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article imageWater witches used in California to find water

By Megan Morreale     Mar 3, 2014 in Science
Some California farmers have turned to water witches, or dowsers, in desperation to locate underground water throughout the state.
This unusual and as some say, foolhardy tool for locating water feels like a last resort for many local California farmers who are dependent on the water for the sake of their livelihood.
Dowsers use rudimentary tools, either copper sticks or wood "diving rods" that look like large wishbones in order to channel what they describe as "natural energy" to help them find water.
While the practice is not supported by state and federal scientists, many of the largest and most famous farms in California pay for dowsers to help them find water on their own land, reported the Washington Post.
"The nation’s fourth-largest winemaker, Bronco Wine, says it uses dowsers on its 40,000 acres of California vineyards, and dozens of smaller farmers and homeowners looking for wells on their property also pay for dowsers. Nationwide, the American Society of Dowsers boasts dozens of local chapters, which meet annually at a conference."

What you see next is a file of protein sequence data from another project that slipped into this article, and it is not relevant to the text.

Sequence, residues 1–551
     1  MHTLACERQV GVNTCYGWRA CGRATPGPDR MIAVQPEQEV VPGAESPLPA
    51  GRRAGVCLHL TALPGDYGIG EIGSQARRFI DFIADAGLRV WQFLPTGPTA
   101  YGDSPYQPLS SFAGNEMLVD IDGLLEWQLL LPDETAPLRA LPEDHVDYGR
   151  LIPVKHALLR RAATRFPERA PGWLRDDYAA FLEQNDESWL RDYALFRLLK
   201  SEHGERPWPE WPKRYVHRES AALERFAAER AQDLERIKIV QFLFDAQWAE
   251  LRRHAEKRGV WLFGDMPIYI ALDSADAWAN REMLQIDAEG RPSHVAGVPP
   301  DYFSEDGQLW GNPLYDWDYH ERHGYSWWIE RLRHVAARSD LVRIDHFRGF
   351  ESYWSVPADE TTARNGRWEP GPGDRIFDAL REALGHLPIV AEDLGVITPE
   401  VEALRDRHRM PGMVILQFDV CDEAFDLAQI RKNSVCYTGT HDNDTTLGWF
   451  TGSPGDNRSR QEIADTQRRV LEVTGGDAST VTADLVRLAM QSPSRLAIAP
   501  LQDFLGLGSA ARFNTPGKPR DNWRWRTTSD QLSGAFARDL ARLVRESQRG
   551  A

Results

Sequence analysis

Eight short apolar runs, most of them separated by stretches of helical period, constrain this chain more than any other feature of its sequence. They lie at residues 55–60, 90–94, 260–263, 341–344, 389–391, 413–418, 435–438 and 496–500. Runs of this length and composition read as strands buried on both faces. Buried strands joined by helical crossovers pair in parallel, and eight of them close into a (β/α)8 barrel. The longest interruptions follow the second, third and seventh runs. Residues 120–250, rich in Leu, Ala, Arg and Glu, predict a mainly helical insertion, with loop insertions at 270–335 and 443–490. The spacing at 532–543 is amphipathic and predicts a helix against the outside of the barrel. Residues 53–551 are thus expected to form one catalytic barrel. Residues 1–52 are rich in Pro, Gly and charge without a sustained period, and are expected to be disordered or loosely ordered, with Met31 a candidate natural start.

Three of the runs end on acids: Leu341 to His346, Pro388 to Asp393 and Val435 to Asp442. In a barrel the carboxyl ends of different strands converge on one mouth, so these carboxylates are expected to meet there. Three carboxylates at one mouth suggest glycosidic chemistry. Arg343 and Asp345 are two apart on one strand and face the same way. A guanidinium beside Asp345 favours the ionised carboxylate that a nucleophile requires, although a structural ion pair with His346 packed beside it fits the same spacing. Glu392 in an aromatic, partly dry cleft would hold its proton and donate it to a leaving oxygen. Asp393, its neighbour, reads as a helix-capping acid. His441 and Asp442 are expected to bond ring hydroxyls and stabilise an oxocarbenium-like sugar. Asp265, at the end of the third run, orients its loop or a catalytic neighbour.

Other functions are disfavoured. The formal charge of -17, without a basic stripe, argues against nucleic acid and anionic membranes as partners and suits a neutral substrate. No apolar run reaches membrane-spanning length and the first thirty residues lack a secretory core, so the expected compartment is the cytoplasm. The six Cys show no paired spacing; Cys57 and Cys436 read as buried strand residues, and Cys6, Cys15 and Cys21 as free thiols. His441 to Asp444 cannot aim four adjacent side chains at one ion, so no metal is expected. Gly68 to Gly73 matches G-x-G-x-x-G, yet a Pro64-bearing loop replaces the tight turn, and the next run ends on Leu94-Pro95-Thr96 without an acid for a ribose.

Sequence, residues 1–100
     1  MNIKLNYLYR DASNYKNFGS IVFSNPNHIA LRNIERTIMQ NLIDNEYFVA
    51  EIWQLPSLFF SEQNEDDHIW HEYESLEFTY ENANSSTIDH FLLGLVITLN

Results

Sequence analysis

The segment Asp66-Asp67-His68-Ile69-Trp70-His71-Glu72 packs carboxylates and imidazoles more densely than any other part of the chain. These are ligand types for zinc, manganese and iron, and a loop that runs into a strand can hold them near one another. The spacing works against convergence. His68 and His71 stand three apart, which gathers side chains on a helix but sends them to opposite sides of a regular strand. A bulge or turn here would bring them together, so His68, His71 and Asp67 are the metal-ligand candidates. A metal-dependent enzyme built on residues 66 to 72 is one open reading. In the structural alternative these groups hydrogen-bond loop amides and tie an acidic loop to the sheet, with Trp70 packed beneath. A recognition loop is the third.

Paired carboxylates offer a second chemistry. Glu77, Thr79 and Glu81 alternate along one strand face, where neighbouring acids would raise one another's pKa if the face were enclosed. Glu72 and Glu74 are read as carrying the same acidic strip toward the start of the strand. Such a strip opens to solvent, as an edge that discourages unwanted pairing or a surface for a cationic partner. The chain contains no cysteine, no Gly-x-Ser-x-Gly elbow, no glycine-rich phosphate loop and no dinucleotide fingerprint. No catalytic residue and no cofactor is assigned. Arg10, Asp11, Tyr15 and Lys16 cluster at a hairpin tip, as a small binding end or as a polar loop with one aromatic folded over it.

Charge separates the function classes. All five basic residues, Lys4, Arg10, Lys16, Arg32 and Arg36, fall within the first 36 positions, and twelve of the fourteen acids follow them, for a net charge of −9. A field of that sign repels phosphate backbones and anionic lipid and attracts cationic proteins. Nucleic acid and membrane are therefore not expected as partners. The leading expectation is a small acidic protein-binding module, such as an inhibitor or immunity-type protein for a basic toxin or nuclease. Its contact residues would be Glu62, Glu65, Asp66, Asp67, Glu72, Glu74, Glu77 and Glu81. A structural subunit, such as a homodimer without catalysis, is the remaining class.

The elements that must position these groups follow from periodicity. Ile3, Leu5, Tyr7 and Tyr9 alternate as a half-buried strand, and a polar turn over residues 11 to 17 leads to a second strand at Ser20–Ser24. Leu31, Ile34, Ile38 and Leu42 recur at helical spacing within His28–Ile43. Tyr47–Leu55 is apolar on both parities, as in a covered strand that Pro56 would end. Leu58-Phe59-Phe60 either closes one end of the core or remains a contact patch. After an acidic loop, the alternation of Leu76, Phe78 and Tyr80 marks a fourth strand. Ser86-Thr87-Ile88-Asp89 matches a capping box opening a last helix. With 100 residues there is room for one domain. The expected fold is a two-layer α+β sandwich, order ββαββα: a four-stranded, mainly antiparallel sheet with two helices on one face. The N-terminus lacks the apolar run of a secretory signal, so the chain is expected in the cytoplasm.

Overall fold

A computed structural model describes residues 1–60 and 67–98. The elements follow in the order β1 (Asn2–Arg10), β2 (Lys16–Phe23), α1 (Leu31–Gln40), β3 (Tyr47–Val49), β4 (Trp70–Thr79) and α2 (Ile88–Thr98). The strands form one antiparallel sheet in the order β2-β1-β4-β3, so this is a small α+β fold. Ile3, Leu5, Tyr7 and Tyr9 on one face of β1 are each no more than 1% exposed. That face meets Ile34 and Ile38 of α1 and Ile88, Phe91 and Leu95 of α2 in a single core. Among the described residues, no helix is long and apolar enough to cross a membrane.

“It’s kind of bizarre. Scientists don’t believe in it, but I do and most of the farmers in the valley do,” said Marc Mondavi, a famous vineyard owner whose family making wine since the mid-20th century in the Napa Valley.
Mondavi practices dowsing himself, claiming to have found the edges of the Mondavi farm's underground stream. Since the passing of Nappa's most famous dowser, Mondavi has taken over the role, charging $500 per visit with additional charges if the well he discovers pumps more than 50 gallons per minute.
With his popularity growing this year from the drought, Mondavi will be releasing a line of wines called "The Diving Rod" this year.
Skeptics of the practice say that dowsers are a hoax, looking for water in places that it is likely to be found.
“There’s no scientific basis to dowsing. If you want to go to a palm reader or a mentalist, then you’re the same person who’s going to go out and hire a dowser,” said Tom Ballard, a hydrogeologist with Taber Consultants, a geological engineering firm based in West Sacramento.
The practice has not held up well under the scientific scrutiny of the U.S. Geological Survey, who found that dowsers are most successful in areas where underground water is found to be abundant.
More about dowser, water witch, Drought, california drought, California
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